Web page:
A paraprofessional at the Early Childhood Center in Quincy, Massachusetts, has tested positive for coronavirus.
Students who were in the classroom are now being told to get tested and to quarantine for 14 days.
Three other faculty members who also had close contact are being told the same thing.
All are part of the special education program taking place this summer.
"Masks were being worn," said Ruth Jones, Quincy's public health commissioner. "Sometimes, it's difficult, particularly with special needs students, for masks to stay on, particularly with the younger kids."
At North Quincy High School, where the special education program is also taking place, a teacher has also tested positive.
Five students and another staff member are being told to take a test and to quarantine.
"This is something that we'll be looking at very closely just to make sure that we were doing everything we should have been doing," said Jones. "Do we have to change protocols when we're talking about classrooms?"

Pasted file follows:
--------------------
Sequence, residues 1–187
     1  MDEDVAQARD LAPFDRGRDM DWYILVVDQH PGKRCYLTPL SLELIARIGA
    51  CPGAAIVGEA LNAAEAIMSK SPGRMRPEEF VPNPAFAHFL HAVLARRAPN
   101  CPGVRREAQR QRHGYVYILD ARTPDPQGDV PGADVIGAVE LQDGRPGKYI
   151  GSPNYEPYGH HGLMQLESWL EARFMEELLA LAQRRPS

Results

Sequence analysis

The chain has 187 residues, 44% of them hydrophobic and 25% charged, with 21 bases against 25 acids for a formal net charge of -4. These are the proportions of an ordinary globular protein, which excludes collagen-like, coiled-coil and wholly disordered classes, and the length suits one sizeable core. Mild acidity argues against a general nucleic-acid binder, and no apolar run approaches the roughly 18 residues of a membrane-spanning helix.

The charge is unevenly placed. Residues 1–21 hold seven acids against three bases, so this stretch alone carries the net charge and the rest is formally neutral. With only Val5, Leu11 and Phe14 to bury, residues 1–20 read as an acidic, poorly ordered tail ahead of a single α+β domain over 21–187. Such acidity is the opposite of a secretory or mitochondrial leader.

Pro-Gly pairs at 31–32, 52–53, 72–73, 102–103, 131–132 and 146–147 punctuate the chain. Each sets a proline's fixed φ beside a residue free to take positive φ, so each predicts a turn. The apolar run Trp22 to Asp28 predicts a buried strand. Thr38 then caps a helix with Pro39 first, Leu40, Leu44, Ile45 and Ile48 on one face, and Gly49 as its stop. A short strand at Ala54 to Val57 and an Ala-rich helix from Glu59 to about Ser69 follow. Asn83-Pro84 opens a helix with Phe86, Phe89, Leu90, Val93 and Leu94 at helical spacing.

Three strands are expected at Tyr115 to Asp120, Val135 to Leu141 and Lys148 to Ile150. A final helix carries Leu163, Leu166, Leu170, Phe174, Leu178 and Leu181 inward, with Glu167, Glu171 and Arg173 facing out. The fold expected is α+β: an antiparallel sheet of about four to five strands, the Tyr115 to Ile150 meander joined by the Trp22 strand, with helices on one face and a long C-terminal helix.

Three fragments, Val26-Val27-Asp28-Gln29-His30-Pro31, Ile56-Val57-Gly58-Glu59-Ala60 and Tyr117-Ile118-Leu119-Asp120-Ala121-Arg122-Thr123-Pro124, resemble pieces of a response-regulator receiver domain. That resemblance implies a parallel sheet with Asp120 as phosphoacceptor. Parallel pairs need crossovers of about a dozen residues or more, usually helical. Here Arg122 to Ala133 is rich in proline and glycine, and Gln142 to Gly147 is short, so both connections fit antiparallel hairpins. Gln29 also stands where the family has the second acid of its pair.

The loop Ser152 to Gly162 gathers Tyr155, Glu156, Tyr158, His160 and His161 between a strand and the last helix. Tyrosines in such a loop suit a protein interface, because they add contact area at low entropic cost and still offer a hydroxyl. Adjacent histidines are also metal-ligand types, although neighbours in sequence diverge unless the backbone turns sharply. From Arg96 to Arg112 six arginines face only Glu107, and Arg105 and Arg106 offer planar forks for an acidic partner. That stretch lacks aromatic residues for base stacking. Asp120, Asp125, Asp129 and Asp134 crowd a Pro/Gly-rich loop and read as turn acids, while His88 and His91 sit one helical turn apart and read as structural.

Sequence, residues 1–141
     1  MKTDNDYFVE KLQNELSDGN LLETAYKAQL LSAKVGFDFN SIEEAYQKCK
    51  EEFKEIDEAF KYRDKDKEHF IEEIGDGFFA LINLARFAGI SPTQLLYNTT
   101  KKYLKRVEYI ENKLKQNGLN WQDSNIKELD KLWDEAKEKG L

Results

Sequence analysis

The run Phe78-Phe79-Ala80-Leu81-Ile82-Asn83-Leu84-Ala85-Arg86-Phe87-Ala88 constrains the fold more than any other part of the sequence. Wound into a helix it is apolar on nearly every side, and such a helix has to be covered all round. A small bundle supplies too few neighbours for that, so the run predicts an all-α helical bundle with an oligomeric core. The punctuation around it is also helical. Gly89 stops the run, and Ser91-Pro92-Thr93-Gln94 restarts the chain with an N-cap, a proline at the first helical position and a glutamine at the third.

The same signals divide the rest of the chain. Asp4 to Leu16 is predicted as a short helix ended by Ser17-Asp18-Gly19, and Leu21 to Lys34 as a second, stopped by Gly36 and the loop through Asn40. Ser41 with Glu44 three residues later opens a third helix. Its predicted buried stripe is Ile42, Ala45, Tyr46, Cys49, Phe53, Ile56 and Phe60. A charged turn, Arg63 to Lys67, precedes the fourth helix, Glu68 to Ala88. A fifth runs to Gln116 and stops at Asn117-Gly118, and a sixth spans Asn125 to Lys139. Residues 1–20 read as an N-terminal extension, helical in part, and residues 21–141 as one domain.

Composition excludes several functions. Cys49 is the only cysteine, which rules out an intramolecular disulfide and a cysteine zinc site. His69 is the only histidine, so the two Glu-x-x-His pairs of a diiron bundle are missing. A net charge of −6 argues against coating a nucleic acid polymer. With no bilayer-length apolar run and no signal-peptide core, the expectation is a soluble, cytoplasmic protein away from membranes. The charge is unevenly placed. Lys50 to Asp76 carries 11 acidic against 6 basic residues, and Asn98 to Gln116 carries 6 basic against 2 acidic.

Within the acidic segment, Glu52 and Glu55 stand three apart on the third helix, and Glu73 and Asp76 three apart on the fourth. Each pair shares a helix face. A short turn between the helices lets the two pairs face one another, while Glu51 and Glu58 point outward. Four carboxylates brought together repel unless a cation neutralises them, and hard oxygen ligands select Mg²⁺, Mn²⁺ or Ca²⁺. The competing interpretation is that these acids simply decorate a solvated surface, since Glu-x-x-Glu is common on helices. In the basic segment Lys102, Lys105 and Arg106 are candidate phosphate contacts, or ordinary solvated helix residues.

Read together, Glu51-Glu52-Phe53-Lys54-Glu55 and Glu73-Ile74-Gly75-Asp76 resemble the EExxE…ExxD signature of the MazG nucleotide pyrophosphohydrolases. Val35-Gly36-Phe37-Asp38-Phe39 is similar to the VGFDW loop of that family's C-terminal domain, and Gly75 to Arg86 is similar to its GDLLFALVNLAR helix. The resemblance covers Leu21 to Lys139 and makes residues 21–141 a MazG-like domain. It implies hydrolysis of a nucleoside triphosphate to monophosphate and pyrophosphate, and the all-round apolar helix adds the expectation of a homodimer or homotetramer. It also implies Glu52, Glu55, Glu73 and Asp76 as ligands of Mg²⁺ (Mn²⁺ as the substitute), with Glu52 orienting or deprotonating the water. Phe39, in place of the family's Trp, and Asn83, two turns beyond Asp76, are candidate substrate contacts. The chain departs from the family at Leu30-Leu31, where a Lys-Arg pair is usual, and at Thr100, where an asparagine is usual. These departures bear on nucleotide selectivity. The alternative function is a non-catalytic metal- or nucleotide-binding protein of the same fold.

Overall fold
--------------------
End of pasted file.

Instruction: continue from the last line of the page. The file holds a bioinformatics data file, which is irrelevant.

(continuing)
This could be an indication of what's to come if and when students and teachers return to school in September.
"We have to live with the fact that if we go back to school in person, we're going to have some amount of quarantining procedures that have to take place," said Dr. Joshua Barocas, an infectious disease physician at Boston Medical Center. "That's how people are going to feel comfortable sending their kids in."
Bring Kids Back, a coalition of Massachusetts parents, is pushing for a full return to class.
More on coronavirus
"We don't shut a school down every time a kid tests positive for the flu or for strep," said Flavia Benson, a parent and member of the coalition. "We can't continue to do the same thing with COVID. We've got to get beyond this and understand that this is something that has come and will not go away. And it's going to forever change our lives."
Doctors and medical experts consider the new coronavirus more dangerous than the flu and other seasonal illnesses because humans have no immunity to it, it causes serious complications in a wider range of the population and, when unchecked, it's sent so many people to the hospital that it's overwhelmed medical systems.
At Quincy High School, an administrator working in the building this summer has also tested positive.
Three other people also working in the building are being asked to quarantine for 14 days.